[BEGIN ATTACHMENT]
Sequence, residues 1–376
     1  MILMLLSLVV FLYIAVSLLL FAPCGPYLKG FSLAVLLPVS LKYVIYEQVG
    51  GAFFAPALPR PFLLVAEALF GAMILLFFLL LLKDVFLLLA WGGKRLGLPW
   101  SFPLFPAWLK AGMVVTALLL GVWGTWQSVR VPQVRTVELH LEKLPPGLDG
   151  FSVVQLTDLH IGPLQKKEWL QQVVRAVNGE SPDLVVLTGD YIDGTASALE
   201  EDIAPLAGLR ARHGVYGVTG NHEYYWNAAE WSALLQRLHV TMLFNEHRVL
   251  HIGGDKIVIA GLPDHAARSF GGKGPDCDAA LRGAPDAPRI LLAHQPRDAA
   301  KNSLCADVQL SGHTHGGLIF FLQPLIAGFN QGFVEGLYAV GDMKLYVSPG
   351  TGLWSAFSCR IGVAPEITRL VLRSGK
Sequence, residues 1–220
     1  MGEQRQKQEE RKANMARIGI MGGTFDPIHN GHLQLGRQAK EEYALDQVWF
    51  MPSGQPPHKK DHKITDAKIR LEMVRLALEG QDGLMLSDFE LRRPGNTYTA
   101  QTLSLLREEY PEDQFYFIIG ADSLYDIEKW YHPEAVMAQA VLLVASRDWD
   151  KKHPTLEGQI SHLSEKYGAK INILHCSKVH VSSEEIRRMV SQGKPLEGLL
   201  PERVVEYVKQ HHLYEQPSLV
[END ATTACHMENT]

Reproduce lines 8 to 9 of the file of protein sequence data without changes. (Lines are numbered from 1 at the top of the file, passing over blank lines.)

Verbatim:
   301  KNSLCADVQL SGHTHGGLIF FLQPLIAGFN QGFVEGLYAV GDMKLYVSPG
   351  TGLWSAFSCR IGVAPEITRL VLRSGK